Vin Rouge and Thanksgiving Turkey’s

Thanksgiving encourages everyone to think about what they are thankful for. Friends. Family. A house and a job. The Common App. Education. A wonderful thanksgiving meal. Millions of dead turkeys. Wait a minute, things don’t look so great from that perspective. Approximately 250 turkeys were raised for the sole purpose of eating them on Thanksgiving. How’s that for a guilt trip. Indeed, thanksgiving gives our friends at PETA just another chance to shake their heads at us. Lucky for us, they offer 10 reasons why we should save these turkeys

It is possible, to feel guilty about every single thing we do these days, or so it seems. How can we be thankful for so many things on thanksgiving when there is so much we are not thankful for and take for granted. Food for thought.

With this on my mind, I embarked with my family to lunch on the day after thanksgiving. We went to a winery owned by a friend of my uncle’s and therefore got a backstage look at the wine business.  You wouldn’t think it, but a lot of nature goes into one bottle of wine.The process looks somewhat like this:

1) Loads of lands must be cleared and stripped of its natural purpose in order to grow the grapes

2)In the meantime, loads of land-mostly in Portugal-are used to grow cork trees. We heard an interesting story to this. Because you can only take the cork off of a cork tree once every ten years or so, about two decades ago the Portugese tried to grow super cork trees that would grow in a third of the time. The cork from this trees was not resistant to all sorts of bacteria and other nasty stuff because of its short grow time and almost killed the wine industry. Interesting that in order to save land, they had to manipulate nature and its genetics. Whichever way you look at it though, they failed.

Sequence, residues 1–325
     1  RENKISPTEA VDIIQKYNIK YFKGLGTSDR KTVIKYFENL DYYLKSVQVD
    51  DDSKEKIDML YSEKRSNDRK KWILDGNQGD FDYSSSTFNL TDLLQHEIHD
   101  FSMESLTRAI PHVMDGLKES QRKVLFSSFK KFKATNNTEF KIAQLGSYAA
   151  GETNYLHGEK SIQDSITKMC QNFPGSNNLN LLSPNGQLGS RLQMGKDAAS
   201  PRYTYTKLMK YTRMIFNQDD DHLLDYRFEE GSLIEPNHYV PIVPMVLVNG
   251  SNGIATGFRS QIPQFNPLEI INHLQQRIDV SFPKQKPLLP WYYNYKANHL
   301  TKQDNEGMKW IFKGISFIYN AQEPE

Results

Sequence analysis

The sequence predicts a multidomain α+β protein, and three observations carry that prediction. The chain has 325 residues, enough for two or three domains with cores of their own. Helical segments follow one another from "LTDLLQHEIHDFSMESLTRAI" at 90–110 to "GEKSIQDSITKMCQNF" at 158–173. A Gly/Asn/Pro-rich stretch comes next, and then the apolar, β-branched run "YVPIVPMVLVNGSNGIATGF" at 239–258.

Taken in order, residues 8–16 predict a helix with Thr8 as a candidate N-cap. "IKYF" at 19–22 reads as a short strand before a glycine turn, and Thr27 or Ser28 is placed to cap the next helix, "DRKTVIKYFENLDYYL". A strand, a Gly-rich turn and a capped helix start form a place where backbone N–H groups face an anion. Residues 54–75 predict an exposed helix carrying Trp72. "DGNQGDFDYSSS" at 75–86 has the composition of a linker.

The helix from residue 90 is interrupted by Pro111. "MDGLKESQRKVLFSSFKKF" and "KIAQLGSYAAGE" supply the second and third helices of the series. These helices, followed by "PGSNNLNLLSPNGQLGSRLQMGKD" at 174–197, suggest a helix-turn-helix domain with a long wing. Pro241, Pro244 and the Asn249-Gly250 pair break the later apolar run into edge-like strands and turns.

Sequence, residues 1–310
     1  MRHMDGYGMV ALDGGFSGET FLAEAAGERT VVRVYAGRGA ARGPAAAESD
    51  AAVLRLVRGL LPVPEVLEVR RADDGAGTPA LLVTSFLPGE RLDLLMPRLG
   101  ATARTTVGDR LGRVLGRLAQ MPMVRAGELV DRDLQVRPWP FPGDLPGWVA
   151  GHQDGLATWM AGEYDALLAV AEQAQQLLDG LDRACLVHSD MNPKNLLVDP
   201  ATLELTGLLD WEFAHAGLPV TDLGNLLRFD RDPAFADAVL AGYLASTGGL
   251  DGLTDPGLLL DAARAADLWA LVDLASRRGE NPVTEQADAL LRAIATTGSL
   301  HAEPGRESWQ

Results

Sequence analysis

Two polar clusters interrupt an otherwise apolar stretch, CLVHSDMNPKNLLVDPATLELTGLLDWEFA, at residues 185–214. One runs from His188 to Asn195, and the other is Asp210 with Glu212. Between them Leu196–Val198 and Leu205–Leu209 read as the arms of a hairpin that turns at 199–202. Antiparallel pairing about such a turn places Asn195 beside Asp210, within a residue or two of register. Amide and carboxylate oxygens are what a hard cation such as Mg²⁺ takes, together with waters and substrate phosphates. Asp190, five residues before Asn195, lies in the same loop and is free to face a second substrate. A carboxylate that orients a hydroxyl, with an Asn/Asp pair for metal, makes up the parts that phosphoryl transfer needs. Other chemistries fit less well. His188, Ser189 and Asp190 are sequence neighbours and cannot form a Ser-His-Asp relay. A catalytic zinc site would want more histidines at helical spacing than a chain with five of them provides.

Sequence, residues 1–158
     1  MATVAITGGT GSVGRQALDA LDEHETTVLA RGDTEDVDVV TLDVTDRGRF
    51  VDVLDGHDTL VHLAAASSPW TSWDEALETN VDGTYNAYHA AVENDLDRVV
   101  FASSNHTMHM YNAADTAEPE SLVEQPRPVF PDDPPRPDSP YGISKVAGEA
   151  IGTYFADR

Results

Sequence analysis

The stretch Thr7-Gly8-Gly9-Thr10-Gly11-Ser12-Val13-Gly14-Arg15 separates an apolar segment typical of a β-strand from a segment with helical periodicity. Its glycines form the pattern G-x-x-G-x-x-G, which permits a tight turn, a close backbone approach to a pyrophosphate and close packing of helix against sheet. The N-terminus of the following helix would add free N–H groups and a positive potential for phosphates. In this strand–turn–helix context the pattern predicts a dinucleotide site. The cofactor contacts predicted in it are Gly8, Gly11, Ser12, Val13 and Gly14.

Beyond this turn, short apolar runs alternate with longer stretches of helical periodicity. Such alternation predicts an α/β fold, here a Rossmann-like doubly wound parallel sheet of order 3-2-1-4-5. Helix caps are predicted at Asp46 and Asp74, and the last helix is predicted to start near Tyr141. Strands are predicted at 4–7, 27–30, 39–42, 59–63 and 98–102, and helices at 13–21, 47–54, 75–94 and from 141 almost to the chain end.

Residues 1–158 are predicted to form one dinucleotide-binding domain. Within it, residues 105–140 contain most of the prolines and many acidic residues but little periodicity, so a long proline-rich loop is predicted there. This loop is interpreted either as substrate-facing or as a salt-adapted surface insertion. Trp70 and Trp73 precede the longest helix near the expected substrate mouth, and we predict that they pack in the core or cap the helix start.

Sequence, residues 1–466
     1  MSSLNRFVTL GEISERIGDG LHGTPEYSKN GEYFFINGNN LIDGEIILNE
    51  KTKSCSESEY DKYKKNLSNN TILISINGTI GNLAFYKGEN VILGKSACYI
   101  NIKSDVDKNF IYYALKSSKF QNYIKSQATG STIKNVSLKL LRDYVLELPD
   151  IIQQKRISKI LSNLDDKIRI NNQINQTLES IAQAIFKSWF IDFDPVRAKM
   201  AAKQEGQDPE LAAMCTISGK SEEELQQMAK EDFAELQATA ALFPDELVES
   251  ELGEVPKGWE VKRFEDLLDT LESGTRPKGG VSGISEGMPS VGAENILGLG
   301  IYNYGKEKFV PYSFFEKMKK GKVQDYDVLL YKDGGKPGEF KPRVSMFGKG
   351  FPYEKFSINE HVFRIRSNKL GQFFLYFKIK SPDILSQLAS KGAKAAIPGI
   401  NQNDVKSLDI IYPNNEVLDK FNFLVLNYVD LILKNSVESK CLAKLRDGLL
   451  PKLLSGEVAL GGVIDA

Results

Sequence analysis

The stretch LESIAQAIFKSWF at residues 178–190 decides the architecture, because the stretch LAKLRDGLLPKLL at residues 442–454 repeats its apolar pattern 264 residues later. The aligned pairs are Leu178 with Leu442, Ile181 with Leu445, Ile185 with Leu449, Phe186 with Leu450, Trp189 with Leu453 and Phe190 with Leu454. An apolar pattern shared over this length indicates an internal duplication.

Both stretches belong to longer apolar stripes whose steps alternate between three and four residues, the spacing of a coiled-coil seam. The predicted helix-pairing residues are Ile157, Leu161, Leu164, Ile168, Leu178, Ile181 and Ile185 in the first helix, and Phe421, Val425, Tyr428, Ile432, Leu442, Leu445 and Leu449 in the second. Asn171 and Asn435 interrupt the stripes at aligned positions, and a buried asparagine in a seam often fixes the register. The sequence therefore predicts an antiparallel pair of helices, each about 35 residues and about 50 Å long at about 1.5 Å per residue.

3)The grapes have to get transported, fermented and turned into wine. I won’t go into detail, but it takes lots of energy and air conditioning and transportation.

4)The grapes need to be in wooden barrels. These need wood grown in very cold temperatures, and trees are grown in cold parts of France, Minnesota, Oregon, Maine and more. The French ones are ideal. They also have the biggest toll in shipping them to wineries in California. Then there is the wood grown just so it can be cut down.

5)The bottles have to come from somewhere. I’m not exactly sure where, but for a winery that has over 12 million galloons of wine in the making at any given time, they need a lot of glass.

6)Shipping it. It goes everywhere. This particular winery sends about 10% of its wine to China. That’s far away, and big steam ships use a lot of gas. Pollution and use of fossil fuels, all at once. In the last couple of years, China has been importing more and more wine. Right now they don’t have the soil for grapes, its a hard industry to start (but not that hard as seen in California) and they are more focused on industrial advances. Nevertheless, their middle class, which is already huge and is growing at an even huger rate wants to drink wine. So its comes from far away California.

Here’s the thing. A knowledgable person can go through and do this for nearly everything. The results will often be depressing. Clearly, we can’t make everything perfect (the best step to completely reverse our dirty trend is for everyone to eat out of their own garden and never drive anywhere), but things need to be better. When simple pleasures like enjoying thanksgiving or a nice bottle of wine can make you guilty of conspiracy to harm to Earth to such a degree, things are a problem. Big time. And how do we clean it up? Do we say, “No, China may not have our wine,” or maybe limit the number of trees that can grow the grapes?

I like the latter solution. Everything has to be in excess these days. Big SUV’s, buy one get one free, and paper starbucks cups every morning, things really need to be scaled down. That will hold the forces of destruction at bay until we can get cleaner energy and fuel. But we are far from being in the clear. Just wait until Christmas.

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